However, when I woke up this morning, and except for creeping up to 99.3 at some time during the day, it has remained relatively normal. I got dressed to go out this morning, but was not up to anything but walking the dog twice. I am furious. It was so bloody hot last week it was uncomfortable to do just about anything outside and I was fine, and now that it is cold and I can walk more, I can't, because with this stupid cough and stuffed nose I can't get enough air to make it comfortable. Grrr! I spent the day messing around on the Roku stick and watching all of the 1948 "Superman" serial with Kirk Allyn and falling asleep in the meantime. The only useful thing I did was make the bed and take Tucker out. I hate feeling miserable.

There is good news: James did go to work today and had a good day all day; he brought home pizza from Uncle Maddio's for supper. Today is our anniversary: #27 and I hope many more. And the medicine Dr.⁠ Mobley gave me for that fugging heat rash combined with the cool weather appears to be working: it was both a pill this time and a fungal cream.

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» Sunday, November 05, 2017
Standard Times

Alas for that extra hour of sleep; we had an emergency before bed (not of the health variety for people or animals) and didn't get to bed until the DST clock was striking two. I tapped my Fitbit and watched the time go from 1:59 TO 1:00. Hello, beautiful Eastern Standard Time!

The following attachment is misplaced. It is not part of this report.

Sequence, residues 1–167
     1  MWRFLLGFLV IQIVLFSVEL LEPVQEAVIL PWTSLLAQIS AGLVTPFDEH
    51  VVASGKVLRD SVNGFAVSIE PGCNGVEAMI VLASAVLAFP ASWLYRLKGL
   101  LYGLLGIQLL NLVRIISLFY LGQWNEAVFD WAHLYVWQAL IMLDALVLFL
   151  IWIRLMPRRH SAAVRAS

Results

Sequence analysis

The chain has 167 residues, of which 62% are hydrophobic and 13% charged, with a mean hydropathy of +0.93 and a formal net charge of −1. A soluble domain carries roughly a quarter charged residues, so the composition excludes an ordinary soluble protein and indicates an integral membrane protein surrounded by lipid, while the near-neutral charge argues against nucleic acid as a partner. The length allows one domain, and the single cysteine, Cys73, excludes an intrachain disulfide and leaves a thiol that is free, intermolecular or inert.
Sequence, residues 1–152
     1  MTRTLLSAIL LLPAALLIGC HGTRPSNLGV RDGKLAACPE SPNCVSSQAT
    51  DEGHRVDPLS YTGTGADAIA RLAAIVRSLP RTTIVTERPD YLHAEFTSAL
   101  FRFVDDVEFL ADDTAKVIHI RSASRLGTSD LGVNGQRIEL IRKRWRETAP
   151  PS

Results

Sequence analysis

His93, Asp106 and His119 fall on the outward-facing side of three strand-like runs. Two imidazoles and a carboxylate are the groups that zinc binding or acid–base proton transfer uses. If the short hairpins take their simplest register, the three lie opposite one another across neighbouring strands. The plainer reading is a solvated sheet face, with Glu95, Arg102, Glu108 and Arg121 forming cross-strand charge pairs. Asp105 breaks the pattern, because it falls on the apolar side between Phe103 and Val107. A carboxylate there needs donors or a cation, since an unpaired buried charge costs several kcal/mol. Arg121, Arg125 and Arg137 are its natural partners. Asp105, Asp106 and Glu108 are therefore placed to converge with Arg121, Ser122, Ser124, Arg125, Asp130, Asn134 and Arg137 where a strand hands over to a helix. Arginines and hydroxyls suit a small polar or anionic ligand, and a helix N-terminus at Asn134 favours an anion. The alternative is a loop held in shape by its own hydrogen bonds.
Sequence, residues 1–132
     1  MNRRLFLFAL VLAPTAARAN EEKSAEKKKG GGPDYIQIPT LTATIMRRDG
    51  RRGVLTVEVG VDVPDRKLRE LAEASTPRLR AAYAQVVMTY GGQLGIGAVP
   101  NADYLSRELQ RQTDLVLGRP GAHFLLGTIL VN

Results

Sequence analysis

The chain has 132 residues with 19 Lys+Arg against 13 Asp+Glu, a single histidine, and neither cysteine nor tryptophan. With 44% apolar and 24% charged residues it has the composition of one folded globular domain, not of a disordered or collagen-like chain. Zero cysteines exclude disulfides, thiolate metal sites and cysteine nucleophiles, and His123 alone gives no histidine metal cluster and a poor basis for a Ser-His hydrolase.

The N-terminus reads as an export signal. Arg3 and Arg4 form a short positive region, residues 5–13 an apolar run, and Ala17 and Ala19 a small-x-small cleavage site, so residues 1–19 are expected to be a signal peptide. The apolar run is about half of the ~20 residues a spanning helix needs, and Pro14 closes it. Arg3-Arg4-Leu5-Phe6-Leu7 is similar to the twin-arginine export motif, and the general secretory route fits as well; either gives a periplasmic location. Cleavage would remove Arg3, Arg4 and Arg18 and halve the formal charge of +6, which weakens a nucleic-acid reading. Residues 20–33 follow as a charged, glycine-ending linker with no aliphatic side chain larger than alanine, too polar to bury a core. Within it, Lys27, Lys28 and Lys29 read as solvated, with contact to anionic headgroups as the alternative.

James woke up at eight and couldn't get back to sleep. So much for eight hours sleep, even, because I couldn't, either. We celebrated EST with fresh biscuits; I had one with blackberry honey and one with butter, with an eggnog chaser, and then we went to Costco, partially for milk and granola bars, partially for gasoline for the car, and partially just to look around.

Well, Christmas is in full bloom at Costco: trees, child-sized Santas, ornaments, large nativities, and big things like foosball tables, keyboards, etc. The book tables are groaning with books, but to my surprise The Book of Dust was not there as it was at Sam's. Still don't know if I want it or not. Lyra was the chief appeal in the original trilogy, and she's only a baby in this prequel. They had an entire table of cookbooks!

With milk, granola bars, and BreatheRights purchased and the car fed, there was really nowhere else to go that didn't involve spending money. So we came home. Watched three installments of Aerial America (Utah, the Dakotas, and Wyoming), washed towels, made the bed, got ready for the week (sorting pills and all that). Really a chill-out day.

Sometimes chill-out days give you too much time to think. ::sigh::